Supply Chain Matters provides a follow-up to our previous commentary related to FedEx’earlier warning on operating results. Both FedEx and UPS volume performance are often important indicators of the current and near-term state of global supply chains.

Yesterday this global carrier formally reported operating results from its August fiscal quarter. Consistent with its earlier warning to Wall Street, FedEx reported earnings results of $1.45 per share, compared with $1.46 a year earlier, thus confirming flat growth. The carrier’s overall revenues were up 3 percent while operating income increased by 1 percent.  Overall operating margin was essentially flat.

Weakness in FedEx’s Express division was acknowledged as the prime culprit in reduced earnings.  Noteworthy was that U.S. domestic average package volumes for the Express segment declined 5 percent while international export average package volume fell by 4 percent.  Operating income for the Express segment was down 28 percent while operating margin fell a significant 1.3 percent to a value of 3.1 percent.

These numbers confirm that structural change has occurred within priority air transport with a significant number of international shippers opting for lower-cost ground based shipping methods. Operating volumes and financial results among both FedEx’s Ground and Freight segments reflected positive growth, reaffirming that global carriers such as FedEx and UPS continue to benefit from robust B2C shipment volume driven by online commerce, and by B2B supply chains opting for less costly ground movements.

Two other noteworthy developments came from yesterday’s earnings announcement.  First, FedEx significantly reduced its full fiscal 2013 earnings estimate.  The company now expects full year 2013 earnings to fall in the range of $6.20-$6.30 per share, compared to a prior forecast of $6.90-$7.40.  That is a significant decrease which in our view implies the growing effects of reduced global shipping activity.  FedEx management again indicated that some further structural re-structuring will occur in the Express segment, which will be announced in October.

More disturbing though, was an announced overall increase of 5.9 percent in shipping rates effective in early January.  FedEx was quick to point out those shipping rates for U.S. domestic, export and import movements would rise a net average of 3.9 percent after an adjusted two percentage reduction in current 2012 fuel surcharges.  Procurement teams overseeing transportation services had better get cracking on 2013 rate negotiations since this potentially represents an untimely increase in transportation costs.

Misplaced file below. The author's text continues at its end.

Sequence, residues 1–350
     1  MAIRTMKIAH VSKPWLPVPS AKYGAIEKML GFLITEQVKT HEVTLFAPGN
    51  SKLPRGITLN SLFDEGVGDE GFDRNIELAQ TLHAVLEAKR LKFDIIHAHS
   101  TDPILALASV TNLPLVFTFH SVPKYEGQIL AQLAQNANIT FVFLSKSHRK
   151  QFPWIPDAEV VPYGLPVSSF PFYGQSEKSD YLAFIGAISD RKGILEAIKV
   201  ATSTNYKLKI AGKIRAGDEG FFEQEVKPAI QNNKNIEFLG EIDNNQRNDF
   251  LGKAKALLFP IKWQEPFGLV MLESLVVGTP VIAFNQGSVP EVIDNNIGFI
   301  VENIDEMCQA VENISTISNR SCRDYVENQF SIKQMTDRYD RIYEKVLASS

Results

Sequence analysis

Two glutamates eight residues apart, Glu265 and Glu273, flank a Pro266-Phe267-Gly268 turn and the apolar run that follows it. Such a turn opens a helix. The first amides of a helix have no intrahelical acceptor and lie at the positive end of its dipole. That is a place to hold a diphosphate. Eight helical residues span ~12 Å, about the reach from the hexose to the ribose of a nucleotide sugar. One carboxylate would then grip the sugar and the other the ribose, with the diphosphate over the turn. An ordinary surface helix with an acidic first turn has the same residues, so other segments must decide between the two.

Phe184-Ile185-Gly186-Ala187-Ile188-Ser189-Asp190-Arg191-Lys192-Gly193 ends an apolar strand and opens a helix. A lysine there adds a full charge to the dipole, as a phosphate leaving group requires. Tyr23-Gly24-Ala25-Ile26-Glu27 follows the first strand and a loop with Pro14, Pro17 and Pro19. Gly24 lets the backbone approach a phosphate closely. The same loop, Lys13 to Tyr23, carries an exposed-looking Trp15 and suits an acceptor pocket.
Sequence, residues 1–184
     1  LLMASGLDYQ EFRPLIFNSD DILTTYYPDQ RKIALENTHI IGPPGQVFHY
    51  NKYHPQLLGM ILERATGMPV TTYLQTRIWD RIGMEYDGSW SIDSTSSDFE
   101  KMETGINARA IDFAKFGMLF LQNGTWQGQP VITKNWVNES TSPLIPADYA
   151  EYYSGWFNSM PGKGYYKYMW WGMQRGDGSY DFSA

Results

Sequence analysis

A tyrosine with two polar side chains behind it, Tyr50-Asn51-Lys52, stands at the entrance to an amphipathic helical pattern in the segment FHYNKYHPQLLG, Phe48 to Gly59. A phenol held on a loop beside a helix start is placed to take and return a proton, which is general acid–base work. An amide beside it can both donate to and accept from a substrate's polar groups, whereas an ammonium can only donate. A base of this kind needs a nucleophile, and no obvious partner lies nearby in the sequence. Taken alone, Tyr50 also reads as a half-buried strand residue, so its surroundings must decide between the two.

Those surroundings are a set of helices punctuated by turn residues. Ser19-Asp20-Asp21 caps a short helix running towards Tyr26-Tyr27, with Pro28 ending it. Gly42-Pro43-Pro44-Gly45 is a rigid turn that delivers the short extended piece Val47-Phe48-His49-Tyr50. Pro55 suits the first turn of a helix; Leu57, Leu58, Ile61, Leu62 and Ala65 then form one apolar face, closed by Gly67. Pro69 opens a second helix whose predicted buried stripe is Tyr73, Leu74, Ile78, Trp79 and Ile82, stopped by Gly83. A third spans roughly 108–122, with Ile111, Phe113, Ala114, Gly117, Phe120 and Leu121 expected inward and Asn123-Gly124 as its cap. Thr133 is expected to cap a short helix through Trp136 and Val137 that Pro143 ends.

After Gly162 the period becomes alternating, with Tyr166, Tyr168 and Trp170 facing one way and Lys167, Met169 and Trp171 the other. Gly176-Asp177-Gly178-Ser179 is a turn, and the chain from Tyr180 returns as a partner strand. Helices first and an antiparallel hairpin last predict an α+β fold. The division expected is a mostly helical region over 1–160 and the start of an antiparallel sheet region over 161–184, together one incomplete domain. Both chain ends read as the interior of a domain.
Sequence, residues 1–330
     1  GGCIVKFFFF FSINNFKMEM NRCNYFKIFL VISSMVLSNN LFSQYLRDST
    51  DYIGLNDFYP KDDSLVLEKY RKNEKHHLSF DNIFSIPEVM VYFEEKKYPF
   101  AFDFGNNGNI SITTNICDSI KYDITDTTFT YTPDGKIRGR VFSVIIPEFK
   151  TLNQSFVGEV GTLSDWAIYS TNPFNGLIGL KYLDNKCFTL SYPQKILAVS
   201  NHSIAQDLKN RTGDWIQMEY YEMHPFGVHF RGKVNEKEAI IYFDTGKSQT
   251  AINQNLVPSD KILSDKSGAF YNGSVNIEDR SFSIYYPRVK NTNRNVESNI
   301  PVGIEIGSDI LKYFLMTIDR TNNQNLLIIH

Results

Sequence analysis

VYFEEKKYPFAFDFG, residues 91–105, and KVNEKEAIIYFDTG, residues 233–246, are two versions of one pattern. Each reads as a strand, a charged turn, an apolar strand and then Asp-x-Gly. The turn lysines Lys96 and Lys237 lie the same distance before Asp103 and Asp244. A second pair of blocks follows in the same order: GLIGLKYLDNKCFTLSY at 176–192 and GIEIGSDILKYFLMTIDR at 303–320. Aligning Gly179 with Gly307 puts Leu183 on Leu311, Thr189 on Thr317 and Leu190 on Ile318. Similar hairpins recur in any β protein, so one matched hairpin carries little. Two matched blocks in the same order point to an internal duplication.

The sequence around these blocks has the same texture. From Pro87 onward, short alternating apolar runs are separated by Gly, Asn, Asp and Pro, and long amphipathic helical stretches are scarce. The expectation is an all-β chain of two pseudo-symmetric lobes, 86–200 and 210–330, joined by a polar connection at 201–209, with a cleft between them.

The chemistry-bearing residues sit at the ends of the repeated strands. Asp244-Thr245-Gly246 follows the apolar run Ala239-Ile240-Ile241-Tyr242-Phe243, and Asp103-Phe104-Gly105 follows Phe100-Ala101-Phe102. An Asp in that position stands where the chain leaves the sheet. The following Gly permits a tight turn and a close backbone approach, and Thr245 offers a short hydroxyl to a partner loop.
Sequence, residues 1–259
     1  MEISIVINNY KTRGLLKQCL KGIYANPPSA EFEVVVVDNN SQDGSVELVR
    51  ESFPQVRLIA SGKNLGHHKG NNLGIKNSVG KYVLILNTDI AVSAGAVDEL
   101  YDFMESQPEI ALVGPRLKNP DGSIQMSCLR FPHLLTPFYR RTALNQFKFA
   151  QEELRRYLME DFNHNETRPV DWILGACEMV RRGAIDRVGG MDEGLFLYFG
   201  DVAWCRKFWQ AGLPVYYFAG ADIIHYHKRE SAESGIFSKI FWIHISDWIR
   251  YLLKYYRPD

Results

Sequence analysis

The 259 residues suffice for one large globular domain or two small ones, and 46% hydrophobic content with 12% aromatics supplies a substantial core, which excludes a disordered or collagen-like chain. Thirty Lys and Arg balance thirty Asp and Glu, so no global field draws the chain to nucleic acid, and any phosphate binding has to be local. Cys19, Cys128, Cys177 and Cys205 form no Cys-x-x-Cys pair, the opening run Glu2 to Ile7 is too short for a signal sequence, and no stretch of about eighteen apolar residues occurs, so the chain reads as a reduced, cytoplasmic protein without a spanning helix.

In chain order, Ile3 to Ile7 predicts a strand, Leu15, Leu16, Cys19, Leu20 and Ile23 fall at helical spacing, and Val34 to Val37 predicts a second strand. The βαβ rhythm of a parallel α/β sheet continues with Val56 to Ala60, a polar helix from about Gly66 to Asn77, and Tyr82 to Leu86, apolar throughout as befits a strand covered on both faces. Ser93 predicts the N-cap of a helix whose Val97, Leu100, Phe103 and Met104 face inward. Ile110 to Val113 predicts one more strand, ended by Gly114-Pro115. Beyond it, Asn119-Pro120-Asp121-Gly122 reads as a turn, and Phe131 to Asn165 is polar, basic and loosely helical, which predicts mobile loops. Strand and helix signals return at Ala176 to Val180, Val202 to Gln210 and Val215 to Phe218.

As Supply Chain Matters has noted in previous commentary related to the ocean container segment, it is disturbing to note a continuing trend of global transportation carriers increasing rates to compensate for decreased supply chain shipping volumes, in essence shifting the burden of reduced activity back to shipping customers.  While high volume shippers will for the most part be somewhat protected by individual contract negotiations, smaller businesses and online consumers will more than likely bear the real brunt of these transportation rate increases. In 2013, online B2C fulfillment sites will have to factor two perceived increases in offered price for goods, one being the trend for increased collection of individual state sales taxes related to goods, and now increased shipping rates for consumers to actually receive their purchases.  The two could amount to a final price increase in excess of 10 percent. That does not factor any new disruption forces in energy markets which could drive fuel surcharges higher.

In our view, both FedEx and UPS need to be very cognizant of the fragile global economy.  Aggressive price increases in times of economic uncertainty may well tip the scale again in the ultimate determination of component and manufacturing sourcing, and in how consumers elect to buy goods.

Bob Ferrari